1. Michael had a stuffed animal, "Froggy" that he held and dragged around with him (as seen to the right, in a pre-dx'd pic with my mom's parents).

2. He always lit up with a smile when 'Nurse Kathy' came to see him.

Mr. and Mrs. Hoskins were in regular contact with me through the years I worked at Children's Hospital, and I recall providing helpful hints to his mother when he was getting ready to start school and continued with regular contact on the phone as well as at clinic visits as Mike grew and developed. I remember that both of his parents highly respected our advice in regard to handling Mike's teenage years, and I was always proud that the love and limit-setting they provided helped him (and them) make it through his growing up period without any obvious physical or emotional scars.*

Since 1996, I've continued to maintain contact with Michael and his family as a friend and at times a consultant. I have seen Michael grow from a brave little boy who did not complain about taking insulin injections or having to follow a diet, to a mildly rebellious teenager and now to a responsible young man who is married, working with the newspaper in Indianapolis and taking charge of his diabetes control.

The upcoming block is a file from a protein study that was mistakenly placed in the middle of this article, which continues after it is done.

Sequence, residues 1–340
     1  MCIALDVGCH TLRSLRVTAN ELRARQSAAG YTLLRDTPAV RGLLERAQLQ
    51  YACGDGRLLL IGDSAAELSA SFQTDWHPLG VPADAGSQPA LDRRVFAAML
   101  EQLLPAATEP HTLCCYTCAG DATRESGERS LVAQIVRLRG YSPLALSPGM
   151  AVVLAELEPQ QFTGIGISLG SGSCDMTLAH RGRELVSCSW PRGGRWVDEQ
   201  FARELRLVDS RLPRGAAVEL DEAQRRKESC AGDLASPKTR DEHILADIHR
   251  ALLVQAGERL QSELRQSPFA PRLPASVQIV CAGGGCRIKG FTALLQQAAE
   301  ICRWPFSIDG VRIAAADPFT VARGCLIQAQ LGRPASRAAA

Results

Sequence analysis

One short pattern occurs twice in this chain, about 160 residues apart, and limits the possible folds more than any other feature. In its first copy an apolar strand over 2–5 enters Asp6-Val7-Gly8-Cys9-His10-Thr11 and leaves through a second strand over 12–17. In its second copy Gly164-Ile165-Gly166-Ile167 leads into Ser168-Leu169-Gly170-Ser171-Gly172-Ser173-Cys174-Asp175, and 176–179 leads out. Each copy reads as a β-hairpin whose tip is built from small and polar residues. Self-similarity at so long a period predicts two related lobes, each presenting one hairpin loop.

*See? A health professional attests that I have no scars -- all good!

Nurse Kathy, thank you so much for all you've done for me through the years. You now have your own private health education and consulting practice and it looks like you're doing great. The advice and diabetes care you gave me when growing up helped empower me, and that's been invaluable. Now, as you know, I've moved on from general and legal news reporting to diabetes journalism here at the 'Mine, and in connecting with many more CDEs through the years, I can now appreciate even more how much you did for me early on. Also, so you know: Froggy still sleeps with me each night, as he's still my special "Frog Before Diabetes." There aren't many memories or items that have stuck with me from those very early days, but an image of your face always did -- and still does now -- bring a smile to mine. All I can say now, once again, is Thank You!